An estimated 653,000 migrants from Central and Eastern Europe and the Former Soviet Union settled in the UK in the period 2004-2011, and about 80,000 of them have made Scotland their home (Vargas Silva 2013; Scottish Government 2012). This recent migration has been the object of a considerable amount of research. However, this work has either neglected the role of sexuality or focused on heterosexual families. The Intimate Migrations project addresses a significant gap in our knowledge by giving voice to LGB (lesbian, gay, bisexual) migrants from the region.
Comparative research have highlighted significant differences within Europe in terms of policy and legislation towards LGB citizens: the UK is widely perceived as very liberal by European standards, while most countries from the post-socialist region are seen as ‘lagging behind’. It is often assumed that transnational migration can be liberating for LGB individuals moving towards more ‘tolerant’ societies. However, this assumption is yet to be empirically tested against migrants’ often complex motivations and experiences.
The project explores the role sexuality plays in motivations to migrate, experiences of migration and plans for long-term settlement. It aims to capture a diverse group of LGB migrants in terms of ethnicity, nationality, gender, class and migrant status, and explore how these factors may shape migrants’ experiences alongside sexuality. It investigates LGB migrants’ sense of security and belonging in home and host societies, and looks at how they construct their social networks and negotiate their multifaceted identities across them.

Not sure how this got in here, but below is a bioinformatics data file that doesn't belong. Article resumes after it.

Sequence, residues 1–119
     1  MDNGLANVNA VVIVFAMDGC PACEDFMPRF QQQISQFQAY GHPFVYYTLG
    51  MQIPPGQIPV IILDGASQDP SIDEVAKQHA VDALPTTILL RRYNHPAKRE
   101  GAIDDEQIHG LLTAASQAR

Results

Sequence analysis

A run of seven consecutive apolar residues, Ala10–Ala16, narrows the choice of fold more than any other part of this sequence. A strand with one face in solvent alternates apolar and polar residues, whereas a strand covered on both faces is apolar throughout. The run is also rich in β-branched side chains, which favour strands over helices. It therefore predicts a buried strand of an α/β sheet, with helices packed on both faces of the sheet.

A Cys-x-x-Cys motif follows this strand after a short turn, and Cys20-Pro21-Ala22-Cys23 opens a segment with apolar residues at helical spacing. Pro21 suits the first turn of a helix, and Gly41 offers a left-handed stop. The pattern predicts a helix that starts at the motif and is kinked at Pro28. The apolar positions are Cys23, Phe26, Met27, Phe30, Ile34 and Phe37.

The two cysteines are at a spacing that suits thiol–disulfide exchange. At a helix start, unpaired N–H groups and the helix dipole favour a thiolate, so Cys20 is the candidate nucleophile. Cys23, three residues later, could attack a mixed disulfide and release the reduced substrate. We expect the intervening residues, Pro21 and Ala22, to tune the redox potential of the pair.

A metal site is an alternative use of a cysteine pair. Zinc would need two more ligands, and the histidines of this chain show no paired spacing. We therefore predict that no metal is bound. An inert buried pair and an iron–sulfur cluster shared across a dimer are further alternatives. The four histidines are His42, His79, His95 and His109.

A focus on Scotland provides a distinctive case owing to Scotland’s devolved government and specific demographic and socio-legal context within the UK. We envisage that the project’s findings will be of interest to both academic and non-academic stakeholders: within Scotland, we are working in partnership with voluntary sector organisations supporting migrant, minority ethnic and LGBT communities. The project will also generate insights that can help us better understand the phenomenon of intra-European LGB migration, potentially applicable to the UK and to other European countries.
Recognising that relatively little is known about the nature of East-West LGB migrations in Europe, this project addresses the following questions: What are the reasons for LGB people from Central and Eastern Europe and the Former Soviet Union to migrate to Scotland? To what extent are decisions to migrate and migration trajectories influenced by migrants’ sexuality? … Continue reading The Study
The research will be carried out in various locations across Scotland and will be based on a range of qualitative methods. Data will be collected in two stages: STAGE 1 involves biographical interviews with LGB migrants to understand their backgrounds, their reasons for migration, experiences of migration and resettlement. It also utilises relational mapping to chart … Continue reading Stages
This project intends to engage and consult with a range of end users working with migrant, minority ethnic and LGBT communities, both in Scotland and beyond, in order to deliver expertise on intra-European LGB migration, identify gaps in service provision and facilitate communication across stakeholder communities. Engagement with stakeholders will be sustained through: the establishment … Continue reading Impact